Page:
IP has brought innovation to programme makers and viewers, but do the benefits outweigh concerns about the effort required to make a broadcast-ready network, asks regular IBC365 columnist John Maxwell Hobbs. 

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This year’s IBC and NAB shows were full of vendors touting their latest IP-based products. With major broadcasters around the world in various stages of rolling out shiny new all IP facilities, we’re clearly experiencing a gold rush, a watershed moment, a tipping point, a paradigm shift – choose your favourite metaphor for radical change.

IP has brought flexibility, innovation, and promise to an industry in transition. It’s also creating significant concern in areas such as unpredictable latency, complex system interactions, and security vulnerability.

Sometimes all the mitigation being put in place to address these issues begins to feel as if we are spending a huge amount of time, effort, and money to force IP to behave exactly like SDI.

The move to IP feels like a natural progression from the move to digital that began in 1986 with the D1 videotape format, but is that actually the case?

The steps taken in the transition of the production and transmission workflow have primarily been to solve longstanding problems. The move to digital videotape solved the problem of the generation loss inherent in editing and duplicating.

Disk-based digital audio and video enabled practical, affordable non-linear editing, and very importantly, allowed for non-destructive editing without the having to deal with the compromise of generation loss.

IP: the superior option?

The move to widespread adoption of HD was made possible by the image compression schemes afforded by digital video. Analogue HD transmission required a minimum of four times the amount of spectrum required by analogue SD, so it was impractical for over the air transmission. Digital transmission then made it possible to not only deliver HD signals, but to also deliver far more channels than was practical with analogue.

And now we come to IP.

As we now have all our media in file format, it’s only natural to move them around using the most common digital networking protocol, right? However, the use of IP networks for this purpose was not necessarily fait accompli.

As a matter of fact, throughout the 1990s and into the early 2000s, the smart money was on ATM (Asynchronous Transfer Mode) as the network protocol of choice for digital media. It offered configurable QoS, (Quality of Service) predictable latency, multicasting, flexibility, and high levels of security. In fact, a significant number of xDSL broadband networks still use ATM to deliver IP services to subscribers.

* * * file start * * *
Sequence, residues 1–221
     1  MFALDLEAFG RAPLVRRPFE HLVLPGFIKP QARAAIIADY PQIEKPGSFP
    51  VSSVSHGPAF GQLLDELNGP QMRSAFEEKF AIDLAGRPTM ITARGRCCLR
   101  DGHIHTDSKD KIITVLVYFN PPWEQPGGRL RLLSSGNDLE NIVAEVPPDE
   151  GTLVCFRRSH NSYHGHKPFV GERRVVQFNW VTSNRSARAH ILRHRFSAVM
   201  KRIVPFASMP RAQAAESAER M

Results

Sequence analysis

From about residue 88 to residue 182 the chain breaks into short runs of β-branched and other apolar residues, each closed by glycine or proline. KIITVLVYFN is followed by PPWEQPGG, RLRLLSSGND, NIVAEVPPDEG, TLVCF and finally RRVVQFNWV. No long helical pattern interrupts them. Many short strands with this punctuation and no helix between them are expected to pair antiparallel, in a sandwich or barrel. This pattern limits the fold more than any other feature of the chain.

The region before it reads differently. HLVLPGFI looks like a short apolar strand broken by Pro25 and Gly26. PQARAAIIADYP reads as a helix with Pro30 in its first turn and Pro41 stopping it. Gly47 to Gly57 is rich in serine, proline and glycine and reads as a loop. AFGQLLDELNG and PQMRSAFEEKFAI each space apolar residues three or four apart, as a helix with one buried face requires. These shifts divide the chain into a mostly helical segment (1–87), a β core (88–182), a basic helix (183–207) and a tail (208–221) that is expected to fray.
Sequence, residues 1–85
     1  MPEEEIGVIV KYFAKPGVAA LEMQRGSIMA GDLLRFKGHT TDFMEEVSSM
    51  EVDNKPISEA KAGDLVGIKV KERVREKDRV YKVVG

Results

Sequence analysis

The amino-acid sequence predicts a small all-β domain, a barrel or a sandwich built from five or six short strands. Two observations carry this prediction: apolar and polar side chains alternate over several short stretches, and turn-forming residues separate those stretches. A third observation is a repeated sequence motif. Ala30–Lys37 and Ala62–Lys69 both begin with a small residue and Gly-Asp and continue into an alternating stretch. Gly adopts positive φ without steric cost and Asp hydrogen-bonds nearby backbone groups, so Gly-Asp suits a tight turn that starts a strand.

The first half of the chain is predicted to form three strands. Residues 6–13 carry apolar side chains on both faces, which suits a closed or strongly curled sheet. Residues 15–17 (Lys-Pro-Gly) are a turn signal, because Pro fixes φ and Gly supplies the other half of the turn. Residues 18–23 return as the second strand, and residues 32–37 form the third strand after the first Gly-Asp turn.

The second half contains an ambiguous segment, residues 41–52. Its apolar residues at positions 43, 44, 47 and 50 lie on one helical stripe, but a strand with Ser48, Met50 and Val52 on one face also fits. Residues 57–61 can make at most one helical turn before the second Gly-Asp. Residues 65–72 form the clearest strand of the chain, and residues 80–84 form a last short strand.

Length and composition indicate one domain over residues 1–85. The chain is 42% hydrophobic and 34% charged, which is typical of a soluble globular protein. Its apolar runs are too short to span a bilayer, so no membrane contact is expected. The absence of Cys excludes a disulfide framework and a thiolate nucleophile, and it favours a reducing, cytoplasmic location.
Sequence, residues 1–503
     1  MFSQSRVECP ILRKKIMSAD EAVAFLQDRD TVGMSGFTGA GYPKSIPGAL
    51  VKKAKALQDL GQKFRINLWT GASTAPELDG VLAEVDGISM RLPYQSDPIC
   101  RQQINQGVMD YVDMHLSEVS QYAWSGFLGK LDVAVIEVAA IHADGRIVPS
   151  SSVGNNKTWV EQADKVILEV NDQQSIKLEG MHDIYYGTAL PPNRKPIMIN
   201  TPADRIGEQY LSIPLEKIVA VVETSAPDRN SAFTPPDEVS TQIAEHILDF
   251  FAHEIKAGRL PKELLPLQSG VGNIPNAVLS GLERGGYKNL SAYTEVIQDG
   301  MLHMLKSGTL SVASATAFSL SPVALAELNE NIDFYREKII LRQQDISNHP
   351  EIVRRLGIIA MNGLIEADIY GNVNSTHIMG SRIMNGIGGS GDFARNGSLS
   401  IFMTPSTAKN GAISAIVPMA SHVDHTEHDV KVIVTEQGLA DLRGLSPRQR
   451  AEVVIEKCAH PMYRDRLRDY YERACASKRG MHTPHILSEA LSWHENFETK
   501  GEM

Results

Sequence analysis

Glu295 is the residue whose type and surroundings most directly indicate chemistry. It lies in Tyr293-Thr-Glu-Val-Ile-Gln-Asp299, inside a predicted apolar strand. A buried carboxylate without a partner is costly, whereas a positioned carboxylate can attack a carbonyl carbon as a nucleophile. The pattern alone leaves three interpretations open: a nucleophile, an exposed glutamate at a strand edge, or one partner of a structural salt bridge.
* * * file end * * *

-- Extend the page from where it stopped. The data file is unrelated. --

On paper, ATM is arguably superior to IP in many ways, particularly in the ways a data network is used for media.

”There’s no doubt that IP-based broadcasting workflows will be successful but we have to acknowledge it’s not going to be a smooth ride”

So, how did we end up with IP instead of ATM? Simple – the market made the decision for us. But it was the IT market and not the media market that made it - it’s a legacy of the dotcom boom of the late 1990s. Broadcasting’s embracing the world of IT means that we must play by Silicon Valley’s rules now, and that means embracing IP as well.

IPs big advantage is that it’s a dumb network – it does one thing, moves data packets, and it doesn’t care what those packets contain or how they’re going to be used. This means that all logic and functionality is implemented in the applications that sit on the network.

This allows for the almost instantaneous rollout of new services without requiring any reconfiguration of the existing network. All you need to do is keep throwing more bandwidth at it to support all traffic coming from the new services.

With the rough and ready ethos of “move fast and break things” driving internet businesses, it’s easy to see how this sort of a network gained traction. ATM, on the other hand, uses a virtual circuit model which requires all new services to be provisioned. This is far more efficient because the virtual circuits are guaranteed to be fit for purpose, but it’s a much more expensive network to operate, requiring more engineering expertise to run.

Compared to IP networks, the provisioning needed in an ATM network is perceived as a hindrance to the rapid deployment of new services. Essentially, ATM is a network engineer’s dream, while IP is a product developer’s dream.

It’s clear that IP has brought a lot of amazing innovation to broadcasting, for both viewers and programme makers – catch up and OTT services, on the fly newsgathering using mobile data networks, live contribution over consumer-grade xDSL connections - even email and instant messaging have revolutionised the way we work. But we have to ask ourselves – just because something is good for a number of things, is it actually good for everything?

The efforts that are required to make an IP network meet the reliability and security needed for broadcast workflows – VPNs, encryption, multi-factor authentication, QoS schemes, buffers, proxies, and gateways – begin to look like the sort of engineering effort required to manage ATM networks and seriously compromise the ability to “move fast and break things.”

There’s no doubt that IP-based broadcasting workflows will ultimately be successful - we’re too far down that road to turn back - but we have to be truthful with ourselves and acknowledge that it’s not going to be a smooth ride.

As well as being a music producer and composer, John Maxwell Hobbs is a course leader at the National Film and Television School, media consultant and the former Head of Technology at BBC Scotland.